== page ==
After that point, counsel for the parties will select 20 Mass Arbitrations to proceed in arbitration as a bellwether to allow each side to test the merits of its arguments. Each side will select 10 claimants who have provided compliant Claimant Notices for this purpose, and only those chosen cases may be filed with the arbitration provider. You and Roku acknowledge that resolution of some Mass Arbitrations will be delayed by this bellwether process. Any remaining Mass Arbitrations shall not be filed or deemed filed in arbitration, nor shall any arbitration fees be assessed in connection with those Claims, unless and until they are selected to be filed in individual arbitration proceedings as set out in this Section 1(K).

A single arbitrator will preside over each Mass Arbitration chosen for a bellwether proceeding, and only one Mass Arbitration may be assigned to each arbitrator as part of a bellwether process unless the parties agree otherwise.

Mediation: Once the arbitrations that are part of the bellwether process have concluded (or sooner if the claimants and the other party agree), counsel for the parties must engage in a single mediation of all remaining Mass Arbitrations, with the mediator’s fee paid by Roku. Counsel for the claimants and the other party must agree on a mediator within 30 days after the conclusion of the last bellwether arbitration. If counsel for the claimants and the other party cannot agree on a mediator within 30 days, the arbitration provider will appoint a mediator as an administrative matter. All parties will cooperate for the purpose of ensuring that the mediation is scheduled as quickly as practicable after the mediator is appointed.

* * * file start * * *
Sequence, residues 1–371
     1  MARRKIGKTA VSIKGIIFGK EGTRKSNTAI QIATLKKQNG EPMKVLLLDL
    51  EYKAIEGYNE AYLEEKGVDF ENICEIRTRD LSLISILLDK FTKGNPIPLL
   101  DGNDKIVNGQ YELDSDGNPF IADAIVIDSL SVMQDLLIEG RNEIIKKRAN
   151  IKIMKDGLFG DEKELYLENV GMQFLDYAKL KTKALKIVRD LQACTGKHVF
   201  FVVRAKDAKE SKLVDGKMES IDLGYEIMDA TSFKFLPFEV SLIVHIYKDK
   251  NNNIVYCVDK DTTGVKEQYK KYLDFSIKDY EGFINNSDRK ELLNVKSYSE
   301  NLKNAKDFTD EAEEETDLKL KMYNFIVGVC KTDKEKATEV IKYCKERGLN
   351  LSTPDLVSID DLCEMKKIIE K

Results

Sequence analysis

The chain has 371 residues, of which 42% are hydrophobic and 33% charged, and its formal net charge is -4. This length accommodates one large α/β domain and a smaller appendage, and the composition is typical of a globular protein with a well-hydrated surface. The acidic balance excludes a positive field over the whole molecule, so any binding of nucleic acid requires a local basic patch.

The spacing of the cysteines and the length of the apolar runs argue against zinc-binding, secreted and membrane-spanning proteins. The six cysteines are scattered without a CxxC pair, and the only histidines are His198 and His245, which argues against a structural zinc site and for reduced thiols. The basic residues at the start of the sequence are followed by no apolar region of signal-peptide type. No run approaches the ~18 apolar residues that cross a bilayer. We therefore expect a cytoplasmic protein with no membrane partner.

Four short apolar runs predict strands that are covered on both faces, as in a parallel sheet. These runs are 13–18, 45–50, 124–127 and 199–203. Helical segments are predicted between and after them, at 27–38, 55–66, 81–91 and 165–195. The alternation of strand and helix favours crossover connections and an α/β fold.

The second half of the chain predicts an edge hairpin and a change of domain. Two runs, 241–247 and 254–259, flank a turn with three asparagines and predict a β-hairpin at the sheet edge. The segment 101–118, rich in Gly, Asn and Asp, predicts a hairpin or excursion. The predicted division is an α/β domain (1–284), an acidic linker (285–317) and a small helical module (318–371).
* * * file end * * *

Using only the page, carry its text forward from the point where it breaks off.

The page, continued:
Remaining Claims: If the mediation does not yield a resolution of all remaining Mass Arbitrations, the requirement to arbitrate in these Dispute Resolution Terms will no longer apply to Mass Arbitrations for which a compliant Claimant Notice was received by the other party but that were not resolved in the bellwether proceedings. Such Mass Arbitrations released from the requirement to arbitrate must be resolved by bench trial in court in accordance with Section 4.

If Mass Arbitrations released from the requirement to arbitrate are brought in court, they are subject to a waiver to jury trial by both parties. Claimants may seek class treatment, but to the fullest extent allowed by applicable law, the class sought may comprise only the claimants in Mass Arbitrations for which a compliant Claimant Notice was received by the other party. Any party may contest class certification at any stage of the litigation and on any available basis.

Courts will have authority to enforce the bellwether and mediation processes defined in this section and may enjoin the filing of lawsuits or arbitration demands not made in compliance with these processes.

Welcome to the future, Roku Users.  Enjoy your viewing.

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I don’t understand how the average person can do anything about any of this. We just need to find alternatives? How is it legal that people put up an agreement that is so wordy and confusing to just simply say that you agree to not be able to do anything about whatever we decide? I guess just look for alternatives to Roku? They were being bullied and strong, armed by Google two years ago, and now they’re turning around and doing it to their consumers.

Posted by: Heather Hill | Mar 6, 2024 4:06:12 PM